Could you quickly explain the name? Why “Pan” “Demon” “Aeon”? Also, how did the members for the band come together? Was it an organic process, or was there a certain drive to form a band?
Pandemonaeon is a term coined by Chaos magician Peter Carroll. He describes the Pandemonaeon as a new aeon of magickal thinking, and Chaos magic itself offers up the idea that it isn’t our beliefs that are true, but the act of believing that makes magic work. Although I don’t see this as the whole picture, this was a powerful idea to us at the time of choosing a band name. We were happy to lend our art to a vision of a world wherein magick users devote their practices to consciously shaping their lives rather than falling into dogmatic habits. 10 years later this still rings true enough that the name feels honest.
There was definitely a drive to form a band, and it hasn’t been a particularly organic process. We’ve gone through a lot of band members looking for the right people! I am extremely happy with our current lineup, however.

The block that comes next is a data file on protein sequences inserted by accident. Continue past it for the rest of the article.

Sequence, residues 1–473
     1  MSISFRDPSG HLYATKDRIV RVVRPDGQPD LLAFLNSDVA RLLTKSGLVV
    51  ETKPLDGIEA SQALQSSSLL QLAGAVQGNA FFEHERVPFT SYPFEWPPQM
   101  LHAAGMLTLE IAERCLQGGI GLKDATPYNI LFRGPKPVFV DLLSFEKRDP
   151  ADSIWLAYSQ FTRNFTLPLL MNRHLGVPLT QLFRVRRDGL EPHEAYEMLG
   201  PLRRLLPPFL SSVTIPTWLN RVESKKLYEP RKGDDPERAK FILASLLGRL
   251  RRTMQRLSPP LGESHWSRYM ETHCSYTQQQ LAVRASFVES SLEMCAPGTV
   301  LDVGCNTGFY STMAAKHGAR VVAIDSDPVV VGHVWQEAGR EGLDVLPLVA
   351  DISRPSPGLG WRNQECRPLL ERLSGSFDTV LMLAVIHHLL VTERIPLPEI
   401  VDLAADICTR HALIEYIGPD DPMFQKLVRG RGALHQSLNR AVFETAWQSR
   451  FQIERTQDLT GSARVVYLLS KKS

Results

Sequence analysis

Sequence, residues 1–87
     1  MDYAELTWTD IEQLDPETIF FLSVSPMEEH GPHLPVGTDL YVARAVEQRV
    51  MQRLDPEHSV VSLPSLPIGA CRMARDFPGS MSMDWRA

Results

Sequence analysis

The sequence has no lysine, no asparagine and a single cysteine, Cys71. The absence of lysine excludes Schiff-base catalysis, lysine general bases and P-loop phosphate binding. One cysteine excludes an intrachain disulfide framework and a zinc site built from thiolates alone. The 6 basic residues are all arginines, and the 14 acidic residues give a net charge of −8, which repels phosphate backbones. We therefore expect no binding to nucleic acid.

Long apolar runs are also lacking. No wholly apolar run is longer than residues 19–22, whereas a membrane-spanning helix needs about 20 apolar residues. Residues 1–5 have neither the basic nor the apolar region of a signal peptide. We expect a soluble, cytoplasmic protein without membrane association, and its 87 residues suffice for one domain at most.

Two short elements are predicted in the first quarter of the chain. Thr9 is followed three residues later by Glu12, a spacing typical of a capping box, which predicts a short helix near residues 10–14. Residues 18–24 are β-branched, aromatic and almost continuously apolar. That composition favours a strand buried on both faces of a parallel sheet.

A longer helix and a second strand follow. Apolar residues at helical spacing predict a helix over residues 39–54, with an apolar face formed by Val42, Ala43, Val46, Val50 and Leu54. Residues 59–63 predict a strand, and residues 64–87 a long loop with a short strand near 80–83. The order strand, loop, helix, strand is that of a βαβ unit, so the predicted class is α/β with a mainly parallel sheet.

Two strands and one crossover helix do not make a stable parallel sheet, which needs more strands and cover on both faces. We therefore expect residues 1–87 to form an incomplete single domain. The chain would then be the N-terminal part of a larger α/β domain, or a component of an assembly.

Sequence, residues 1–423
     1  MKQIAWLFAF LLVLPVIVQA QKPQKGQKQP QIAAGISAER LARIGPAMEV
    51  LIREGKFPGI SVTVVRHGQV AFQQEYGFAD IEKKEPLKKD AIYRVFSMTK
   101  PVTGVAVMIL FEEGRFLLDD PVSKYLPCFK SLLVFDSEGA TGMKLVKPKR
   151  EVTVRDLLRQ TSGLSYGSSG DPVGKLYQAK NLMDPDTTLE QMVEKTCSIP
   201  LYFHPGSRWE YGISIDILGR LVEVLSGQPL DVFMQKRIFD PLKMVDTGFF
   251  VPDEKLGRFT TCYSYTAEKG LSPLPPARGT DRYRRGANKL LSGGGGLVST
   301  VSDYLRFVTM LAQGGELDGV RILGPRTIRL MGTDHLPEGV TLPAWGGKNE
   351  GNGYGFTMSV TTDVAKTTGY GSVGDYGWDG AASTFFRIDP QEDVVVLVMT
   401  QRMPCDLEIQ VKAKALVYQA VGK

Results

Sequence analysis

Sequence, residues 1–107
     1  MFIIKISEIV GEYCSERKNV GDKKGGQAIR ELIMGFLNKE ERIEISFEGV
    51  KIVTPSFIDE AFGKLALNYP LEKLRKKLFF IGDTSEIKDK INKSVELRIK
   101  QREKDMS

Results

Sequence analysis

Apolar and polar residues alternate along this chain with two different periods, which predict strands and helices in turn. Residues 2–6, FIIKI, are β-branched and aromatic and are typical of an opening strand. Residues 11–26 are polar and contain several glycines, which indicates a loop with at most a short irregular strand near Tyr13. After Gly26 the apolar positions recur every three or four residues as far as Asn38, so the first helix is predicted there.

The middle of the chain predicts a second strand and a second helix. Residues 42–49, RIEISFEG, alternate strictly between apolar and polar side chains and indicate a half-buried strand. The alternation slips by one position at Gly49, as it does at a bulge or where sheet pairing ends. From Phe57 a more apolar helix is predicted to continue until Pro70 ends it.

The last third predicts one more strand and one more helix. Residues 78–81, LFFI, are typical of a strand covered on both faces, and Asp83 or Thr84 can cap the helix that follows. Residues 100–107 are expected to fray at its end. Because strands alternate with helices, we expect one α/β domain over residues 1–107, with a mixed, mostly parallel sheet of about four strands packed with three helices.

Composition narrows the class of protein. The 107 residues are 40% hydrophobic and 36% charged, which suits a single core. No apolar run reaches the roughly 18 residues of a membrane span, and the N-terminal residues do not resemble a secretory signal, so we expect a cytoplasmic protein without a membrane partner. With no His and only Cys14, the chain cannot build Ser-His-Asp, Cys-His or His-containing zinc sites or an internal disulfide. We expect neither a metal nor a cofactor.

It’s been no big secret that you’re a Pagan, and you’ve produced ritual chants and songs with T. Thorn Coyle, a good friend of yours. Do you feel like most of your fans are Pagans? How do you feel about the Pagan label when it comes to the music you make and the albums you release?
It does seem that most, if not all, of our fans are Pagans. That is certainly the community in which we are best known. As far as the Pagan label, I have mixed feelings about it. I am all for writing some music that is specifically Pagan, such as the chant CDs with Thorn. I am very proud to be contributing to the building of our Pagan culture via music. It is a movement that I believe in as being quite relevant to the times we are living in. However, since Paganism is known as a religious movement, I sometimes feel concerned that the Pagan label will alienate some listeners who might enjoy the music for what it is but who don’t identify as Pagan themselves. I feel that music transcends religion, and it would be a shame for our music to get pigeon holed as “religious music”. It is music written by Pagans, but it is for anyone who has ever been moved by dark myth and legend.
Let’s talk a bit about Pandemonaeon’s sound. What were the big influences? You cite Dead Can Dance and a “Loreena McKennitt in the underworld” aesthetic, but there’s also obvious hard rock and metal influences in the work. How would you describe it?